“Improving ROI Measurability” through data management begs two questions. The first is to understand how ROI can be improved. The second is to understand how ROI can be better measured. Improving ROI for B2B marketers typically involves improving what marketers know about their clients combined with correctly choosing the right messages to show them–this is the essence of personalization. But being able to measure that improvement has historically been a challenge for B2B marketers–often sales happen offline, closed with a different employee than visited the website, months after the initial contact. Improving measurability is about connecting the dots. You must entice prospects to identify themselves early in the process, by providing benefits, such as inside information, to help them with the buying process. Once identified, you must track them through the steps of the buyer journey, tie them together with other employees involved in the same sale, and tie online activity to offline sales.

In that same study, 26% of marketers claim that making data richer is the most important aspect of data management. Can you talk a bit about what rich data is, and how it can be used to improve ROI?

Sure. In our book, Outside-In Marketing, James Mathewson and I explain numerous ways to enrich data. Creating a master database for customer information that becomes the repository for everything you know about each person is the start. Casting a wide net for data sources encompassing traditional demographics, firmographics, email addresses, and other widely available information is the start, but adding topic preferences from ad clicks, social media discussions, web activity data, and conversions can enrich your traditional data to allow better message targeting for improved ROI.

A lot of companies are using multi-channel marketing efforts, across a wide array of different networks, from social media to their website. What are some different techniques for managing multichannel marketing data, and how can this be used to make data richer?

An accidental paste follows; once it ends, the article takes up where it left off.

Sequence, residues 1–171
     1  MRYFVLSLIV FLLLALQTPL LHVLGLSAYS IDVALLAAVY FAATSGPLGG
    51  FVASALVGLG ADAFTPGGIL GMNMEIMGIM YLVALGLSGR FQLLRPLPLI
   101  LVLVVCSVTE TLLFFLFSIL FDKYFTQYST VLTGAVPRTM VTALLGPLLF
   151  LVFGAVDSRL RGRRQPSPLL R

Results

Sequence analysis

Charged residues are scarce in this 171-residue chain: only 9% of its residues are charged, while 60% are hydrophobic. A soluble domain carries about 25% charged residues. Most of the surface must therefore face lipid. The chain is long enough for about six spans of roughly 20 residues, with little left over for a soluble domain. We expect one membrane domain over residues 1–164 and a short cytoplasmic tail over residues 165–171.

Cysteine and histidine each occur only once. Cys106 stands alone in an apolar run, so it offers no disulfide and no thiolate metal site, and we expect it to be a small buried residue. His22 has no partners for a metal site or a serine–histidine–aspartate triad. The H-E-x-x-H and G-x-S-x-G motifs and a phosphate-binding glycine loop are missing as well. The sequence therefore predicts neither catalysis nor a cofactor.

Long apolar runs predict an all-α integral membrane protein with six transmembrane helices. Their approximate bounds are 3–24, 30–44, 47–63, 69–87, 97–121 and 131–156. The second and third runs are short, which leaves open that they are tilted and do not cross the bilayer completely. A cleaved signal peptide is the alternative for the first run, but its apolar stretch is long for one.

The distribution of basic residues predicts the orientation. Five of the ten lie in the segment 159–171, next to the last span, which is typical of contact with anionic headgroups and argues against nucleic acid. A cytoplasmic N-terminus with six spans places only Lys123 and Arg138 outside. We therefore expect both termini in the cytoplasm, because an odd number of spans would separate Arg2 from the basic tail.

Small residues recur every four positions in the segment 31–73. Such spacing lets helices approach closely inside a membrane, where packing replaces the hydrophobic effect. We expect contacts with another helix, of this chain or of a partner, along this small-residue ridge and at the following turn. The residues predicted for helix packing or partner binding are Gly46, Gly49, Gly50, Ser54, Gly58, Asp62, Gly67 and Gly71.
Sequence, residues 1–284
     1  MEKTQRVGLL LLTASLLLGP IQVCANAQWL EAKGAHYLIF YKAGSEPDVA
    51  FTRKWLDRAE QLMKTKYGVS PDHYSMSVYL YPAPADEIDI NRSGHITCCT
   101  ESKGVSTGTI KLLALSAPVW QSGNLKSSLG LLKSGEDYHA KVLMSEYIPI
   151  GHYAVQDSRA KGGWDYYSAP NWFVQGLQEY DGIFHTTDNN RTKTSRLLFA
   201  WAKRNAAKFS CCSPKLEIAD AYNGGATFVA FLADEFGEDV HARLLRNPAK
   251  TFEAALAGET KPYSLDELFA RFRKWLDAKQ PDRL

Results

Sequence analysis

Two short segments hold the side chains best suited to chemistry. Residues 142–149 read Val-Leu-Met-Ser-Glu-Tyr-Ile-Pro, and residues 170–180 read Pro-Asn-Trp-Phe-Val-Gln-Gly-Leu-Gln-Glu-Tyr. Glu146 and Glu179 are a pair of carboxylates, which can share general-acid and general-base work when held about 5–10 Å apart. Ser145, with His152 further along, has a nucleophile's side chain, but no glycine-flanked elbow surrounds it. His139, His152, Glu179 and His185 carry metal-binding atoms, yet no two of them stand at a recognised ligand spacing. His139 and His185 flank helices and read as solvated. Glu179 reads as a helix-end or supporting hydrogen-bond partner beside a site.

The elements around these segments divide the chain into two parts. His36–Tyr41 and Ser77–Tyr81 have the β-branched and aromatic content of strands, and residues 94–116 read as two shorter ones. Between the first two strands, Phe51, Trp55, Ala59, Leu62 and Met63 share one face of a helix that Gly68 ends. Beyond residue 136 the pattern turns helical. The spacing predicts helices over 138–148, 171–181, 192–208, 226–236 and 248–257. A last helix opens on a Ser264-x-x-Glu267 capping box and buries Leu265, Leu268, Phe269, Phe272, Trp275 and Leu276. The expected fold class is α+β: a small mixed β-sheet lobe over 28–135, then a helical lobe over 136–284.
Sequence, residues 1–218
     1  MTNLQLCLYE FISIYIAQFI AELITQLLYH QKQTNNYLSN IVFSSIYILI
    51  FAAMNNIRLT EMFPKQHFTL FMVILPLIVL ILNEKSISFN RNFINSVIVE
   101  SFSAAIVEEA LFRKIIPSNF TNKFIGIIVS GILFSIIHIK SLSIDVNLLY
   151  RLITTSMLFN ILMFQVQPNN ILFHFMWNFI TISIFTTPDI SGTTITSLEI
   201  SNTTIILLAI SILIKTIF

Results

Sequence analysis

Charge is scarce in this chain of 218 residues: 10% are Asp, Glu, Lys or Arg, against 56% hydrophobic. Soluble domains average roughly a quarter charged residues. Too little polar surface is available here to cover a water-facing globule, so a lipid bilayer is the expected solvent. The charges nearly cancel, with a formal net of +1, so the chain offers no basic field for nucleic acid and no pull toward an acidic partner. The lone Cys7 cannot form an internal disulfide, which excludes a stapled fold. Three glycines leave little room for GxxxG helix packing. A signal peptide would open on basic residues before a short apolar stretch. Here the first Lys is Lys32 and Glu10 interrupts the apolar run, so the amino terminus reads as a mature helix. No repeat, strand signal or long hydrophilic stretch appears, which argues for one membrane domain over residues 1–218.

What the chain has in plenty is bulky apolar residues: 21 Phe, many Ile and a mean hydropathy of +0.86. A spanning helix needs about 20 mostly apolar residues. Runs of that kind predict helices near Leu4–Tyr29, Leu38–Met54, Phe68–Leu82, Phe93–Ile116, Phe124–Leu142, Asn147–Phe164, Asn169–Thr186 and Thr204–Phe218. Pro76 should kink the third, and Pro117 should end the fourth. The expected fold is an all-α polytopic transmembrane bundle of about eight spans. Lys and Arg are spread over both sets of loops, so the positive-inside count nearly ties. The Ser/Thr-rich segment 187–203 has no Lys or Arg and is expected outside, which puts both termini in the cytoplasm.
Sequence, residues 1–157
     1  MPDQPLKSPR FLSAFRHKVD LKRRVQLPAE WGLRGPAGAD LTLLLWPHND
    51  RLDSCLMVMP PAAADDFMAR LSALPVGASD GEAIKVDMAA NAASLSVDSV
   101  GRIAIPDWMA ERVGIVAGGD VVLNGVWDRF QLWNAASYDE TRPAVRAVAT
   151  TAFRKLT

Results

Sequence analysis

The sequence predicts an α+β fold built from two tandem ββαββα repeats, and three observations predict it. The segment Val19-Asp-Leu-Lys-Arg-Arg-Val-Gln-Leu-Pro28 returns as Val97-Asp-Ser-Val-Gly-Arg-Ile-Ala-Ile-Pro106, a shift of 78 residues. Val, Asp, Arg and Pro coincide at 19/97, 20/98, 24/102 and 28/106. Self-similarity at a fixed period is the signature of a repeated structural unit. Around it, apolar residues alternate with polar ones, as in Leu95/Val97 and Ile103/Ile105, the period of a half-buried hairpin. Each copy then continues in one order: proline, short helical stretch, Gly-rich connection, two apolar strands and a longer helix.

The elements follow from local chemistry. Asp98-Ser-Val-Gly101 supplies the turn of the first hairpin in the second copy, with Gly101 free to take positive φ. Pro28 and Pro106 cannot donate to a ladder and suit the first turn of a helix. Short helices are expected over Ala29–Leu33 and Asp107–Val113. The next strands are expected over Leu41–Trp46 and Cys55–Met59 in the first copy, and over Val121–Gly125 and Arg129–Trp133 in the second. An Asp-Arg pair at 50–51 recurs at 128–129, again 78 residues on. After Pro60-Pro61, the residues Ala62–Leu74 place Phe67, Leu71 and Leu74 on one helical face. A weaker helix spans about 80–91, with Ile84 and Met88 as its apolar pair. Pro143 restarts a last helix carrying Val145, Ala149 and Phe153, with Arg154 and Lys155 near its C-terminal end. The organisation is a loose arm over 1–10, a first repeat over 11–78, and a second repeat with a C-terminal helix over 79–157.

The hardest part is stitching together the activities across channels so that they all point back to the same actual person. There are a variety of methods for going about this – using anonymous identity detection, such as cookies; social handles; and email identities. Beyond that, text analytics and machine learning can identify themes in content that your visitors engage with, so that you learn more about what they are interested in and can target them with your own similar content.

A lot of online marketers rely solely on page views and shares for their data, which neglects how potential clients are actually perceiving the usefulness of content. Can you share a technique or two for measuring things like how long visitors are spending on the website, whether they’re reading or skimming the content, bounce rates, etc.? Can you give any advice on how to get that data to work with other data sources, to reveal a 360-degree view of your customers needs and interests?

As mentioned in the previous answer, tying together identifying information across venues is the key to that 360-degree view. More important than some of the measures you cited are understanding what topics the prospect is interested in. That’s where text categorization and clustering techniques allow you to develop insights as to which topics people care about. Metrics such as time viewing a page, views that do not bounce, likes and more can help you to know that the content is interesting to the particular person.

Content marketing, or search marketing, are both vitally important for B2B companies, as customers are likely to be searching for you, rather than the other way around. Biznology offers a course in content marketing, where you ask the question, “Are you getting the most out of your content marketing efforts?” How can data management be used in conjunction with content marketing for next-level B2B marketing?

Marketing is persuasion. The more you know about your clients and the more you know about your content, the more likely you can select the content that will be most persuasive. “Knowing more” is about the data, customer data and metadata about your content. The more timely, comprehensive, and accurate your data, the faster you can reach that “next level” of B2B marketing.

In your Content Marketing course, you also state “Content marketing is more believable than ads,” as well as being less expensive. Can you give an example or two of data that backs this up? Can you also touch on why content marketing is so essential these days, for everybody, but particularly for B2B companies?

It’s clear that content marketing is more effective than ads, because content shared by people that you know is more persuasive than ads.

Additionally, content found by Google is more persuasive than content shown as ads. It’s also clear that content marketing is cheaper than ads. Even if the development costs are the same, content marketing has virtually no media costs.

B2B companies are keenly aware of this. 20 years ago, B2B companies did far less marketing than B2C companies, mostly because B2C companies were effectively using advertising for decades, while B2B companies could not afford to do any really effective marketing at scale until digital, and especially content, marketing came along.